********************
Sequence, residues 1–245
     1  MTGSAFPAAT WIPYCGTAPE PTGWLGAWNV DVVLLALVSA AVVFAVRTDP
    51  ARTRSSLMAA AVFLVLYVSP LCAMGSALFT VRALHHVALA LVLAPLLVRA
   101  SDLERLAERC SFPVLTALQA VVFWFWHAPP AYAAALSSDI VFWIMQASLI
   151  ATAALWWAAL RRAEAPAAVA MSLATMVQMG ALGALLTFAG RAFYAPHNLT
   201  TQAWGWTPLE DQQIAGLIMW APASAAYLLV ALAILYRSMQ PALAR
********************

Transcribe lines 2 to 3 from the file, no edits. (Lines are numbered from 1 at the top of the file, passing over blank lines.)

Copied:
     1  MTGSAFPAAT WIPYCGTAPE PTGWLGAWNV DVVLLALVSA AVVFAVRTDP
    51  ARTRSSLMAA AVFLVLYVSP LCAMGSALFT VRALHHVALA LVLAPLLVRA